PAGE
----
It is not polite to whisper.

“Oh Mighty Isis!” S. said and crossed her newly bangled wrists in super power mode. Her eyes widened. “Oh shit.” We stood in Pier 1 Imports and she was looking over my shoulder out into the mall.

“What is it?” I asked.

in front of the dorm
in front of the dorm

She laughed, pulled the bracelets off, and tossed them back in the display basket. “You know who just walked by.”


Mr. Lambda Chi.”

I spun around. “Oh my god. Where?”

S. grabbed my arm and dragged me out of the store. “We’re going to find him.”

I was 18 and Mr. Lambda Chi was 22. I didn’t know he was about to be engaged, but I did know he had called me several times and with each call I thought he was about to ask me out. All he did was ask if I was coming to the next party. Of course I was.

S and I found my other friends before we found him, but there he was in front of the Pizza Hut. S. pushed me along. “You’re going to eat pizza,” she said in my ear. “Go talk to him.”

He did look happy to see me. He was going to grab something to eat, he told me. “So are we,” answered S.

At the table, he asked me if I wanted a slice of his pizza. “Oh, no thanks,” I said and joked, “I’d just get pizza stuck between my teeth.” He insisted. I said okay.

A while later my friends start whispering. The whisper travels around the table. “It isn’t polite to whisper in front of people,” I said, sure they were whispering about him and me. S. grabbed my blouse by the shoulder and yanked me to her. “You do have got pizza stuck between your teeth,” she said.

I burned red. He laughed. But later when I invited him over, he said yes.

There is no reason sharing one’s writing should be like this, but… I try to remember that even I am told I’ve done something embarrassing, I can still be liked. And just like I could never understand a girl who could easily let a guy know she liked him, I can’t easily understand a writer who says, “Hey, I write a story. Want to read it?” Why don’t they feel any fear?

5 thoughts on “It is not polite to whisper.

  1. I’m one of the least assertive people I know, but I used to be one of those “Want to read my story?” types. So why no fear back then? I want to say Pride. But the truth is coarser than that — more like arrogance. Sort of “Look at me! Look at me! Somebody please look at me! And praise me, dear God, PRAISE me!” Nobody else I knew wanted to be — was considered to be — a writer. (Or a “writer,” in quotes.) And none of this stuff I was pushing on people had been actually published, mind you.

    That lasted right up until I started meeting other writers, online and in real life, and reading their unpublished work — and getting their reactions to mine. Talk about a dose of humility and embarrassment and yes fear, too.

    Posting excerpts of stuff online works for me only because it IS online. Maybe it’ll snag the attention of somebody in a position to offer me riches and respect; probably not. But otherwise there’s no actual transaction required between me and reader(s). It’s really just a way of thinking out loud to myself.

  2. Well, of course you’ll still be liked. Good to remind yourself of that, your writing skill doesn’t take away your lovely personality. 🙂 (This from a girl who has to remind her own self every time she sends something out.) For a while, though, I must admit I had come to like the negative feedback more than the good. I guess I’m a tad masochistic. Probably had something to do with the friendship factor. If someone is willing to take on the responsibility of pointing out your flaws, they must really, really like you. So it hurts on one level, but confirms your likability on another.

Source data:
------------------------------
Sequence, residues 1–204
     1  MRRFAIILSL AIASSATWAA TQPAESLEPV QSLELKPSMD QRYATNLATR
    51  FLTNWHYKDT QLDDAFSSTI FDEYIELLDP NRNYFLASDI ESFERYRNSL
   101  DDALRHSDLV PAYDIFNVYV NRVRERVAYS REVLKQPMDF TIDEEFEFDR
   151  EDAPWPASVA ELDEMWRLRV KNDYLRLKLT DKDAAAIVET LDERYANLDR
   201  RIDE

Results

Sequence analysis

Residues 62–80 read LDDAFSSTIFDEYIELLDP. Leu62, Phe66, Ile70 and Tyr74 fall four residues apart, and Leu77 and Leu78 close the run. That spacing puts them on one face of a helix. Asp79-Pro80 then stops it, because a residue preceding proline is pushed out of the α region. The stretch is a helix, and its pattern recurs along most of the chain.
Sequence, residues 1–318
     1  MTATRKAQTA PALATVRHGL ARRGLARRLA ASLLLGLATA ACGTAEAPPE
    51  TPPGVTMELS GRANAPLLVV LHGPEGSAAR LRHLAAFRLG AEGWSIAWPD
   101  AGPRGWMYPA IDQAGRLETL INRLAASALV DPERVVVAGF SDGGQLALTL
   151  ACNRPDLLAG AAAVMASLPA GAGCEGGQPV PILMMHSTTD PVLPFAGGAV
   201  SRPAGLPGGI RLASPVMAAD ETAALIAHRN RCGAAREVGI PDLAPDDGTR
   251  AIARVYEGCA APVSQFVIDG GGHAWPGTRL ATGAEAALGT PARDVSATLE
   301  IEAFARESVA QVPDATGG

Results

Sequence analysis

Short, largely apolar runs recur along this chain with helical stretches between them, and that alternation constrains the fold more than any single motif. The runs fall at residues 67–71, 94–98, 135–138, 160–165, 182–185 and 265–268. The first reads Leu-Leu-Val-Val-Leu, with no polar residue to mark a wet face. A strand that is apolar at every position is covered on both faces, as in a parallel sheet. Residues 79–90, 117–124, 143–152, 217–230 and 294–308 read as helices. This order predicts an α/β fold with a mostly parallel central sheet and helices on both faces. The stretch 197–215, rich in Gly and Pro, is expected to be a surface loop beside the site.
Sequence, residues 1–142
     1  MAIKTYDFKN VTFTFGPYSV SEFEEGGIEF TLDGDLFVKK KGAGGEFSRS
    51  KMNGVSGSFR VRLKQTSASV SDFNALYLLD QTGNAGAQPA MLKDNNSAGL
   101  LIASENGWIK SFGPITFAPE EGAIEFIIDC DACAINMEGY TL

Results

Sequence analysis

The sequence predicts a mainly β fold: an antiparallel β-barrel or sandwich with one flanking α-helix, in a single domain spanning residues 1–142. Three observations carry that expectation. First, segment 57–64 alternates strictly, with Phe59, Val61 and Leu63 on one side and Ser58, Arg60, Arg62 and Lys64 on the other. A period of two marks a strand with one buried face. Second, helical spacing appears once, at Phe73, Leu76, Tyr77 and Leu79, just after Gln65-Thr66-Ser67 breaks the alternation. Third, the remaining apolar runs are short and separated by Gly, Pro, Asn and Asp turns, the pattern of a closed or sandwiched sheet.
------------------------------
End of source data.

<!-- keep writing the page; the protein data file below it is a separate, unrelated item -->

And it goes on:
I’m so rambling. I’ll shut up now.

  3. Aren’t we always told ‘feel the fear and do it anyway?’ The only people who have read my book are agents and editors … a couple of friends who really insisted have seen the first chapter and synopsis. Other than that I haven’t shown it to any friends or family – too close, too painful. I’m still working from a position that absolutely no one is interested … and if someone publishes something just feel so grateful.

  4. Almost no one reads my work. And when I do show it, I’m the opposite of Kate. I show it to close supportive friends, workshop folk and/or my students (back when I taught.) I am terrified of showing to the real writer folk. Professionals, agents,etc. I think about my old professors from college, or the other writer kids (I was editor of the lit mag, and I was… uhm… inclusive in my editing), and I am worried that they will read my work and think I am a hack. A mediocre poet. A genre writer.

    One of the other writers from my college has published a couple of books and runs a program in Vermont. I won’t be showing him my work. Although… I think he’s said that my blog is great. In fact, one of the best artists in my arts High School found me on facebook and was amazed at my art work. Another thing I like to hide. Maybe there’s nothing to hide.

    Maybe we’re fine the way we are, even good, even if not everybody will love us.

    Heck, not everybody loves Shakespeare.

  5. Oh, I’ve been so nervous this week. My CD project is kind of experimental, and the time between mailing it and hearing a response is agony. (Then it never helps when your first response is a “different, but neat” from your mother-in-law.) I keep trying to remind myself that it won’t be for everyone, but that doesn’t mean it’s not worth putting out there. Not everyone loves Tom Clancy, and the people who follow Anne Lamott’s non-fiction and novels are generally two different groups of people. Oh, the things we tell ourselves to keep our sanity…

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